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Brand ID| Distributorship| Super-Brands
May 2014

A major new

distributorship formed

On April 1 this year the sports brands distributed by Super-Brands moved across to Brand ID, where they will form part of their lifestyle brands, which include Speedo and 466/64. With leading brands across most sporting codes will make Brand ID a distributorship to be reckoned with. Words: Trudi du Toit. Photos: Nicol du Toit.

Remember the name Brand ID, as you are bound to hear a lot about them in future. They now distribute and market 14 premium sports brands, the iconic 466/64 Madiba magic brand, as well as a nice selection of clothing brands.

When the sports brands formerly distributed by Super-Brands became part of Brand ID on April 1, they gained a strong foothold in most major sports, like running (Mizuno, Skins and Nathan), rugby (Canterbury, Mizuno and Opro), cricket (Slazenger), racket sports (Dunlop and Slazenger), hockey (Slazenger and Opro), cycling (Skins, Nathan and SiS) etc., as well as outdoor activities (Karrimor). Combined with the swimming reach of Speedo, they cover all the needs of triathletes as well.

Even before the merger became official, the power packed into the brand packet offered by Mizuno, Skins, Nathan, Canterbury and the 46664 Fashion brand secured them the sponsorship of the new Cape Town City Marathon. These brands are now backed by the Seardel Investment Corporation — also the home of Prima Toys, Sharp electronics, Hextex and Frame textiles, and various other enterprises. Seardel is a listed company and part of Hosken Consolidated Investments (HCI), a listed BEE company, with SACTWU as a major shareholder. Apart from Seardel, HCI has interests in many industries, like hotel and leisure (Tsogo Sun and Vukani gaming), liquour (KWV), media and broadcasting (eTV), transport (Golden Arrow), mining (HCI coal), etc.

Brand ID is the brain child of Wayne Bebb, a whizz kid accountant with a passion for business. Five years ago his closest association to the sports industry was enjoying sports like windsurfing and triathlon. After he qualified as chartered accountant in 1998, Deloitte seconded him to their US office, after which he spent time working in London and Zurich. With so many South Africans working overseas for global clients, Deloitte saw the opportunity of forming an off-shore arm for the accounting firm. When Bebb returned to South Africa, he developed the Deloitte off-shore division operating from the Isle of Man, employing several hundred people around the world.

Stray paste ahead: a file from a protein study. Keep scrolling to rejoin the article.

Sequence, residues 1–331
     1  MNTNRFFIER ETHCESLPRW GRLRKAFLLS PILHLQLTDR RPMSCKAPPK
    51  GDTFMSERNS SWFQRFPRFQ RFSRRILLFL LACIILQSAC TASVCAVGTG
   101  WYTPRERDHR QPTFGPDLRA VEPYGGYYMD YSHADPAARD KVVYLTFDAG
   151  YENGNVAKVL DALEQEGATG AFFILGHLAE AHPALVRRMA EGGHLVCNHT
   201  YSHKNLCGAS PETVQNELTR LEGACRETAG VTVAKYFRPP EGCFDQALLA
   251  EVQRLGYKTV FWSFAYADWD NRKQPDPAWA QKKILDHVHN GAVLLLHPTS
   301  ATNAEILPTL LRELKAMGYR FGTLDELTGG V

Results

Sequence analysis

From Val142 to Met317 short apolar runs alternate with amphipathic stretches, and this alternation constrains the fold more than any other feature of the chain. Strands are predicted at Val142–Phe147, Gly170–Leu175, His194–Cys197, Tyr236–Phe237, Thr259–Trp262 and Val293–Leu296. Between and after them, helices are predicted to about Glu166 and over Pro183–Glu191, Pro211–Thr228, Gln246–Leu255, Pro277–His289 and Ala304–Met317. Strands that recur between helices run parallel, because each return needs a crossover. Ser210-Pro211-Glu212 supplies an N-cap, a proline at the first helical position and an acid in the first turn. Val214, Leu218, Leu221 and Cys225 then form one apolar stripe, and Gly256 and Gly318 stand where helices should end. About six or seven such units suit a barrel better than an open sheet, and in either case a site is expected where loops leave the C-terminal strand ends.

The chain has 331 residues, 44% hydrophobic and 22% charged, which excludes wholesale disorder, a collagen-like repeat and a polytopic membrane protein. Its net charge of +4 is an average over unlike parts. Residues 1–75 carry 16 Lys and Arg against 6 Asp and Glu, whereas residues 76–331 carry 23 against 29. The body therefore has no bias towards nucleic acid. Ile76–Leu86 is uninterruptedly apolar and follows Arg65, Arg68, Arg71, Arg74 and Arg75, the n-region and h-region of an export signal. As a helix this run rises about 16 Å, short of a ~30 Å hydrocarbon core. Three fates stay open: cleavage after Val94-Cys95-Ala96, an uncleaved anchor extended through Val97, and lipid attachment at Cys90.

Back in South Africa, he joined Alliance Media, the biggest outdoor media business in Africa. “We covered 25 000 sites in Africa,” he says. “Although it was relatively small in South Africa, it was very big in countries like Rwanda, Gabon and Nigeria, which presented interesting insight into the difference of doing business in New York and Nigeria.“

After he became engaged, he and his fiancee moved to Cape Town in 2009, where Cecil Beekman, who ran a division of Seardel, invited him to join as MD designate. But, it was a dark time for the local apparel and textile manufacturing industry and Seardel was shedding jobs as fast as profits. HCI had bought a 70% stake in Seardel and Stuart Queen was appointed Group CEO of Seardel in December 2009.

Speedo branding

Queen gave Bebb the task of consolidating certain factories to create Intimate Apparel. As Intimate Apparel was unprofitable, it unfortunately had to be closed down ... but he discovered the Speedo brand in the Cygnet manufacturing division.